UPDATE: Century 21: 1, Joe’s Ramblings: 0. The picture is real. See base of post for explanation.
In the “IK” (Insan Kaynaklari, Human Resources) section of today’s Hurriyet newspaper I saw an interesting advertisement. If I’m not mistaken, the Century 21 advert promotes a franchising seminar and draws upon the global presence of this real estate company. The sentence on the bottom of the picture roughly translates as:
From America to Japan; France to Turkey, Century 21 is the world’s largest name in real estate with more than 120,000 real estate consultants in 96 countries.
The picture shows a Japanese family and a Century 21 consultant in front of a Century 21 office. Is the picture real or is it a group of Turkish people made to look Japanese according to Turkish stereotypes?
I am not an expert on Japan and have never visited the country. However, I find it hard to believe the picture accurately represents a Japanese family because:
a1) The man is pulling a cart! (Japan is a very high tech country)
a2) A man pulling a cart can afford to use Century 21????
b) They have a large dog (Japan is one of the most crowded countries on earth and very few people have room for a large dog)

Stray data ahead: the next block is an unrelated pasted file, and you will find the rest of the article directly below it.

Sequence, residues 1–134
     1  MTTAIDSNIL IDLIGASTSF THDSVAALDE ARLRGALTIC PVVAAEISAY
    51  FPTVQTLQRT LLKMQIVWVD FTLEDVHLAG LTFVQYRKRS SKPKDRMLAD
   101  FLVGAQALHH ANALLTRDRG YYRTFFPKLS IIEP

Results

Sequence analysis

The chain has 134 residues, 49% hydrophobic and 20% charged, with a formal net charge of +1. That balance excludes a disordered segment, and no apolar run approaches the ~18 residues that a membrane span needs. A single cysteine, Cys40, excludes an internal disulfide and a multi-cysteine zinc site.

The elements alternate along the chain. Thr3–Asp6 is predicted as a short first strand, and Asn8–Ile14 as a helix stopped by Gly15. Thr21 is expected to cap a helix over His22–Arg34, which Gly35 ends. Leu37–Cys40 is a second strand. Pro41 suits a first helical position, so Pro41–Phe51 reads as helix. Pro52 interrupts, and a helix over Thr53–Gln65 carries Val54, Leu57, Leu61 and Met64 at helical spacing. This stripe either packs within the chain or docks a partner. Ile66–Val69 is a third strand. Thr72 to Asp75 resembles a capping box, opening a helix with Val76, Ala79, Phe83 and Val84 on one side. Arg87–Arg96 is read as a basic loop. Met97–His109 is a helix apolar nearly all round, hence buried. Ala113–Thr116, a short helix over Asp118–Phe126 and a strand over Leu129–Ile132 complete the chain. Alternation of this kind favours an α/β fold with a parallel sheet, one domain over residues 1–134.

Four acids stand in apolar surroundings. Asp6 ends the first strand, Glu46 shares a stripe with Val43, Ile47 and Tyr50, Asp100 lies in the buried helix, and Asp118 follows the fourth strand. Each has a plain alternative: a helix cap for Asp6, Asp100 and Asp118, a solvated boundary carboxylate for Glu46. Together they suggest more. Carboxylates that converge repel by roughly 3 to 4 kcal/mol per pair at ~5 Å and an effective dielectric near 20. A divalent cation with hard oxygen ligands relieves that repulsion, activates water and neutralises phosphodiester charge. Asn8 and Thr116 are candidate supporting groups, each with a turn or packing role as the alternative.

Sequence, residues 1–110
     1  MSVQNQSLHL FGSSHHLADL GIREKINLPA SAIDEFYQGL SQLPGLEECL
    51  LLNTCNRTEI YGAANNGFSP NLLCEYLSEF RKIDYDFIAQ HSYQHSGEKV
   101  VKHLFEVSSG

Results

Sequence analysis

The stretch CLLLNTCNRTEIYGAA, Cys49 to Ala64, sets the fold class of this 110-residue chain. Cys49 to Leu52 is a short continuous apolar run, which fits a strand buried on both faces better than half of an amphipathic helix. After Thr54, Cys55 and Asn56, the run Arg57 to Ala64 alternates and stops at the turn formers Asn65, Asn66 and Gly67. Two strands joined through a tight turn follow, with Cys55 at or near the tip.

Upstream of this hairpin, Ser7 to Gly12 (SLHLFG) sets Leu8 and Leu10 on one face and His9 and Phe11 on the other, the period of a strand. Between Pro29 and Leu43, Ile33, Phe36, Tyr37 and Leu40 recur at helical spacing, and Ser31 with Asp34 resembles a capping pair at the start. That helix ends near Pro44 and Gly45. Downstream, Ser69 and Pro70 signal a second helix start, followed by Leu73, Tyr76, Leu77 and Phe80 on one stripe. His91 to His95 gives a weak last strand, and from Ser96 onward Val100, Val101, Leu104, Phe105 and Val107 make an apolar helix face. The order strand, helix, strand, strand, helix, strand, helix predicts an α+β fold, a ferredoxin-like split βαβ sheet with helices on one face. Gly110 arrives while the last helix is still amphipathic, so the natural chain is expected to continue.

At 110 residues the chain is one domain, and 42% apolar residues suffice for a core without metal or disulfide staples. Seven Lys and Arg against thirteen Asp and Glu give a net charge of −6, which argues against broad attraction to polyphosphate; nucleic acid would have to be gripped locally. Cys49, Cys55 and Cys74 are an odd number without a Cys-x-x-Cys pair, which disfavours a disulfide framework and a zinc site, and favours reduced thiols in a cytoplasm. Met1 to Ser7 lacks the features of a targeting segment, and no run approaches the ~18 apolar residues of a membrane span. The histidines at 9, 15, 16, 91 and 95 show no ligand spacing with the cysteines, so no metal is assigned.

c) There are 3 children (Japan is very crowded and expensive smaller families are the norm)
d) How common are those forms of clothing and hairstyles?
Sure, no doubt some families in Japan do share some of the above characteristics, but I doubt many, if any, share all the characteristics.
In my opinion, it is likely the advert was shot in Turkey, because:
a) Some Turkish people do have Asian characteristics and it would take little work to make them look more ‘Asian’.
b) A large proportion, probably a large majority, of Turkish people are not intimate with the different East Asian cultures. I wonder if the cart pulling idea is from China?
c) The female faces seem strained, as if they have to hold a certain look to exaggerate their ‘Asian ness’.
d) The family situation in the photo suits Turkish culture perfectly (it may also suit Japanese culture).
I have yet to ask any Japanese friends whether the photo is from Japan or not and I don’t know what the Japanese writing refers to. I am willing to accept the photo is from Japan if a more knowledgeable person says so.
This is not the first time I have witnessed very questionable, stereotypical media in Turkey. I am certain this kind of stereotyping and fabrication occurs in all countries as well. However, in a country with more exposure to other races, the chances of blatant and obviously stereotyped examples are lower.
See for yourself:
UPDATE [2004/12/09]: As Yutaka, the cool Japanese trainee living in Denizli, has kindly pointed out in the comments section, the picture is for real!
Check the comments for his explanation.
Century 21: 1, Joe’s Ramblings: 0